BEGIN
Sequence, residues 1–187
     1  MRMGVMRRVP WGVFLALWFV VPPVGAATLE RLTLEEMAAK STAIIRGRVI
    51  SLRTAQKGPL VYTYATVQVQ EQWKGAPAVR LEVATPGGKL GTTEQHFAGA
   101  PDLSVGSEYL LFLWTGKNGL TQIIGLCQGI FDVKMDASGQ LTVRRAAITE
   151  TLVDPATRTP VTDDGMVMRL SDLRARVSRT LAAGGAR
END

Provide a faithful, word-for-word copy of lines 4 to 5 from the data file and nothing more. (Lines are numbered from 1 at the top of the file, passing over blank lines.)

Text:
   101  PDLSVGSEYL LFLWTGKNGL TQIIGLCQGI FDVKMDASGQ LTVRRAAITE
   151  TLVDPATRTP VTDDGMVMRL SDLRARVSRT LAAGGAR